This editorial raises a good point when it says “When one executive search exercise ends with none of the finalists getting the top job, higher-education observers generally shrug and say ‘these things happen.’ When back-to-back searches produce the same result, alarm bells sound. They signal that something may be amiss in the way Minnesota State’s sprawling 54-campus system is viewed in the nation’s higher-education marketplace, or in the way in which it approaches executive recruitment.”

The Strib editorial board is right that that’s how people should react. I doubt that that’s how Mr. Vekich and Co. reacted, though. I suspect that the Trustees were frightened by the quality of the second group of candidates. Ricardo Azziz and Neal Cohen were men of accomplishments. They were leaders, too. That’s the last thing the Trustees wanted. Hiring a man with accomplishments and leadership abilities carried with it a substantial risk.

In the Trustees’ minds, they worried that Cohen or Azziz might blow up Minnesota State, aka MnSCU, because it’s a dysfunctional system. These candidates came from outside their system. That’s why they turned to Dr. Malhotra. He’s a system insider, a don’t-rock-the-boat type. Most importantly, he isn’t a change agent. That’s why the Trustees can relax. The system is preserved.

The editorial board insists that these questions need to be asked:

Why were the candidates identified by the search committees and their hired consultants not better suited to Minnesota State’s leadership needs? Was the $270,000 cost of the two searches warranted? Is the search process too unwieldy? Is faculty influence too great over a decision that is ultimately a governing board responsibility? What made the chancellor’s position insufficiently attractive to top higher-education talent from around the country? Is the scale and complexity of the nation’s fourth-largest higher-education system seen negatively in the marketplace? Does the propensity of state politicians to meddle in the system’s management make candidates wary?

Those aren’t the questions that need to be asked. Further, the Trustees shouldn’t ask questions about the search because they shouldn’t exist.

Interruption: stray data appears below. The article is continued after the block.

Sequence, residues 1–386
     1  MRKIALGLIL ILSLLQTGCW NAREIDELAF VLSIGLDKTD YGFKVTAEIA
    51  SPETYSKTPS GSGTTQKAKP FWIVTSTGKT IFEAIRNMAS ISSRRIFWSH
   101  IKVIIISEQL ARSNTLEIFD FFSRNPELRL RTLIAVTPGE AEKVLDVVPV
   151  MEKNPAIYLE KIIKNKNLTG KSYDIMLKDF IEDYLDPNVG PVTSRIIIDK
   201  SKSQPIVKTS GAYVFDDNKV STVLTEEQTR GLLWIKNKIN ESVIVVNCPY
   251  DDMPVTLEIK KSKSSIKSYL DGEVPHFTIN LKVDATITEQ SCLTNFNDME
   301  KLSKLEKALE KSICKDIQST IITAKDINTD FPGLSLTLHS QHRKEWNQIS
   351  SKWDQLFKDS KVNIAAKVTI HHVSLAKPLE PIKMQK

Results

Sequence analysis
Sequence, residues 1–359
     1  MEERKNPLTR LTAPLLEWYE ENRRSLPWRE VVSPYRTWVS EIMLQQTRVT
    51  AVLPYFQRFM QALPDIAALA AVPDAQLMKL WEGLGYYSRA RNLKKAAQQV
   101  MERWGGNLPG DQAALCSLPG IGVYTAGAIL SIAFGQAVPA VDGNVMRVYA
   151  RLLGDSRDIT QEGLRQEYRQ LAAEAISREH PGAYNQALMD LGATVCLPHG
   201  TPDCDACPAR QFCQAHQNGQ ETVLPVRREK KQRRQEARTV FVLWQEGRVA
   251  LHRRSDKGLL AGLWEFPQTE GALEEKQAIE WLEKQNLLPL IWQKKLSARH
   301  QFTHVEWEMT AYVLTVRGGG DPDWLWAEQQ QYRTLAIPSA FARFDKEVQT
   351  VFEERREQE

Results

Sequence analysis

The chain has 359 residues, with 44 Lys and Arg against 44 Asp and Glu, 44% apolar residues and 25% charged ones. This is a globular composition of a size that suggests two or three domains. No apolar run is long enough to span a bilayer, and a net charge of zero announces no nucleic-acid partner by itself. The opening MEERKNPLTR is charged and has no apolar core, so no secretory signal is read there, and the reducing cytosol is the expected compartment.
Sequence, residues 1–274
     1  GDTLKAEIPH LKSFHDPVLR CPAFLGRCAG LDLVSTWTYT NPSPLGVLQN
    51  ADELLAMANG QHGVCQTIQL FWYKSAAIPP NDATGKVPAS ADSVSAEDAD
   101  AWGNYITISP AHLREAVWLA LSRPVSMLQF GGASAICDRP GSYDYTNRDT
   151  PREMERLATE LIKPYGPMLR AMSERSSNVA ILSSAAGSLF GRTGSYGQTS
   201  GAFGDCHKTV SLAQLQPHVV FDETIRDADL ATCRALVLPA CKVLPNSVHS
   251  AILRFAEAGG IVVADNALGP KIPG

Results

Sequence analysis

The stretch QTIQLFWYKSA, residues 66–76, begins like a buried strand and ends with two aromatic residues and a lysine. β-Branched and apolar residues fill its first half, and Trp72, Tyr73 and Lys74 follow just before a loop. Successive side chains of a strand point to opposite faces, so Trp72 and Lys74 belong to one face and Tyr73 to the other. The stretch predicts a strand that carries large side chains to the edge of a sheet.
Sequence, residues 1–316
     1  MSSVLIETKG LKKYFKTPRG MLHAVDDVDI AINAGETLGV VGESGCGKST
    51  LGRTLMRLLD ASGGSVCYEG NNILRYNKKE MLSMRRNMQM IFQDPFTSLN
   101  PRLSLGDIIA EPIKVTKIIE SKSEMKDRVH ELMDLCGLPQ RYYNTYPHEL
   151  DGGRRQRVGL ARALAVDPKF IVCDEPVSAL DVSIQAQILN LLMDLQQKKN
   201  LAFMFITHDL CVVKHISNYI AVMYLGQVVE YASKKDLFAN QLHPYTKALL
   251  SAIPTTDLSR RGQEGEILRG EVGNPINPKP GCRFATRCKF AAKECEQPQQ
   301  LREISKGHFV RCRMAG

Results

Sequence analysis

What’s required is for Minnesota’s parents, students and politicians to ask whether a system that ill-advised when it was created in the 1990s is the right system for the 21st Century. Why haven’t Minnesota State’s universities produced the high-tech workforce Minnesota industries will need for the next generation? Why are Minnesota-born students who attend 4-year institutions choosing universities in North Dakota, Wisconsin and other states instead of Minnesota?

It might be that Minnesota State is dysfunctional. It’s time to examine what Minnesota needs in terms of education, in terms of skills and in terms of economic policies to be competitive in the 21st Century. Dr. Malhotra won’t ask those questions. The Trustees haven’t asked those questions.

Finally, will Dr. Malhotra pick a president for St. Cloud State that will turn the University around? Or will he pick another steady-as-she-goes candidate that will preside over the University’s ultimate demise? I’m fearful that he’ll pick the latter, not the former.

One Response to “Dr. Malhotra’s legacy”

  • Rexnewman says:

    Capable leaders by definition know that they would have no real power unless the GOP holds Gov. House and Senate. And even then our own “deep state” and shallow media still would make the job difficult. Wait until after fall election to see what kind of leader we can get. An Alice Seagren or a Cheri Yecke.

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